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A funny thing happens when drugs are legalized: Violence and crime happen a lot less.

After trillions of dollars spent, the "war on drugs" clearly is not working and ruining lives. Are there other options? Ayup.

A funny thing happens when drugs are legalized: Violence and crime happen a lot less.
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Open Society Foundations

"Why aren't drugs legal?" asks this video, smartly, from BITE News:

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Don't have time to watch the whole thing? Here's a quick breakdown.


"Let's be real: Legal or not, people do drugs." And what the video says is true. 33% of adults have taken an illegal drug.

20% of people 16 to 24 years old have admitted taking drugs in the last year. That's 1 in 5.

So how can we safely regulate drugs? (Since keeping everything illegal hasn't accomplished much except imprisoning a lot of people...)

All governments together have spent several trillion dollars on the international war on drugs in the last 20 years. What has it accomplished? Black-market violence, public health crises, massive imprisonment of people ... if this were an actual war, guess who would be on the losing side? Yep ... the people. As in taxpayers and citizens. Us.

But there are some bright spots.

Portugal decriminalized small amounts of drugs for personal use. The result? Fewer drug crimes and fewer people dying.

In the United States, 20 states have decriminalized marijuana, and many more will over the next five years.

Those states and the states that have fully legalized it have seen increased tax revenue from crops and regulation of the industry. And it's generating millions of dollars for those who work and invest in the production and distribution of it. Capitalism much?

Switzerland in the 1990s had one of the highest rates of HIV infection in Europe when it came up with the brilliant idea of giving out heroin prescriptions in community-based treatment programs. It worked.

Heroin use went down, and new HIV infections declined by 87%. Yes, 87%. That's pretty huge.

A lot of countries have been a little afraid of trying new approaches. At the time, the United Nations wrongly accused Switzerland of encouraging criminals by attempting this experiment, which of course is not the case, given the data.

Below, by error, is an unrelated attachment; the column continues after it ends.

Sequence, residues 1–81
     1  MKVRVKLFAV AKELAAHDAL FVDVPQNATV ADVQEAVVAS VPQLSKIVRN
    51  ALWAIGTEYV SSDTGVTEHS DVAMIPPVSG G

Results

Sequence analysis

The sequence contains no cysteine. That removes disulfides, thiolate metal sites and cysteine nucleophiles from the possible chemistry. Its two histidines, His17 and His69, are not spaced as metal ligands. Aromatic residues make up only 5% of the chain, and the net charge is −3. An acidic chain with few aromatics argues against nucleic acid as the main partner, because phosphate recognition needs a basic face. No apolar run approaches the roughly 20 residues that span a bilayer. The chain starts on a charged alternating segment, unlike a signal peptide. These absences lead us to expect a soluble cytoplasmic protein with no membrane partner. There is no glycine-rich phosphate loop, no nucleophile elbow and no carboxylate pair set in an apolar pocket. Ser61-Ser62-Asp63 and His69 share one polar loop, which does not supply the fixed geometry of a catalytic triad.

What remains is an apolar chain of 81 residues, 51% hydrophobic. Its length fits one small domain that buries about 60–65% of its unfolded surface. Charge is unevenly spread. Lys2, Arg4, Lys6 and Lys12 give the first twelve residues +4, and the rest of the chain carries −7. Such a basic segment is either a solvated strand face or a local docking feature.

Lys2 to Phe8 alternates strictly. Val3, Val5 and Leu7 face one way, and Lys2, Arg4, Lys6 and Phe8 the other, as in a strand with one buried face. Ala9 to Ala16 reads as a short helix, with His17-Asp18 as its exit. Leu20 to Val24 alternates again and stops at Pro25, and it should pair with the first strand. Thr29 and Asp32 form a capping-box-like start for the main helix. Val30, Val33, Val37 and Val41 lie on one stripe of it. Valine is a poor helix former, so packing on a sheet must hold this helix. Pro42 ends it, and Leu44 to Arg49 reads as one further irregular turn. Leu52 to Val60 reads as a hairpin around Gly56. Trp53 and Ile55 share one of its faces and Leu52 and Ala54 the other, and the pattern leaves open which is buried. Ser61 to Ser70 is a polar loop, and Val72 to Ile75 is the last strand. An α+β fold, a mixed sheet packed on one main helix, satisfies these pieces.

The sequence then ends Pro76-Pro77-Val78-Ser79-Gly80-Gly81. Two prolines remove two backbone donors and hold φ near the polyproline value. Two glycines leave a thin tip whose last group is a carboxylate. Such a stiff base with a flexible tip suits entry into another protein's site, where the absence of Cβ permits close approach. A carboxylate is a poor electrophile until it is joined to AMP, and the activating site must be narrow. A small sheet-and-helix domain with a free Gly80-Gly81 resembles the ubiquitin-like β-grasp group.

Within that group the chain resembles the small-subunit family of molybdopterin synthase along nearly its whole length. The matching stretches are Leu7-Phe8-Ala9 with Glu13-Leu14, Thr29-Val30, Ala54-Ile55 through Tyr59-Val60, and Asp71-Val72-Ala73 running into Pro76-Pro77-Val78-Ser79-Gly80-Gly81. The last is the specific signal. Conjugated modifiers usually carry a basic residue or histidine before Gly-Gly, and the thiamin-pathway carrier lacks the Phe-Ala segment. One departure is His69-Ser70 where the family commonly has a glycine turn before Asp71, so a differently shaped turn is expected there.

We should hold up the countries that are doing it right (or are starting to ... right, USA?) as shining examples of how to deal with drug use by citizens.

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When a pet is admitted to a shelter it can be a traumatizing experience. Many are afraid of their new surroundings and are far from comfortable showing off their unique personalities. The problem is that's when many of them have their photos taken to appear in online searches.

Chewy, the pet retailer who has dedicated themselves to supporting shelters and rescues throughout the country, recognized the important work of a couple in Tampa, FL who have been taking professional photos of shelter pets to help get them adopted.

"If it's a photo of a scared animal, most people, subconsciously or even consciously, are going to skip over it," pet photographer Adam Goldberg says. "They can't visualize that dog in their home."

Adam realized the importance of quality shelter photos while working as a social media specialist for the Humane Society of Broward County in Fort Lauderdale, Florida.

"The photos were taken top-down so you couldn't see the size of the pet, and the flash would create these red eyes," he recalls. "Sometimes [volunteers] would shoot the photos through the chain-link fences."

That's why Adam and his wife, Mary, have spent much of their free time over the past five years photographing over 1,200 shelter animals to show off their unique personalities to potential adoptive families. The Goldbergs' wonderful work was recently profiled by Chewy in the video above entitled, "A Day in the Life of a Shelter Pet Photographer."

A young boy tried to grab the Pope's skull cap

A boy of about 10-years-old with a mental disability stole the show at Pope Francis' weekly general audience on Wednesday at the Vatican auditorium. In front of an audience of thousands the boy walked past security and onto the stage while priests delivered prayers and introductory speeches.

The boy, later identified as Paolo, Jr., greeted the pope by shaking his hand and when it was clear that he had no intention of leaving, the pontiff asked Monsignor Leonardo Sapienza, the head of protocol, to let the boy borrow his chair.

The boy's activity on the stage was clearly a breach of Vatican protocol but Pope Francis didn't seem to be bothered one bit. He looked at the child with a sense of joy and wasn't even disturbed when he repeatedly motioned that he wanted to remove his skull cap.

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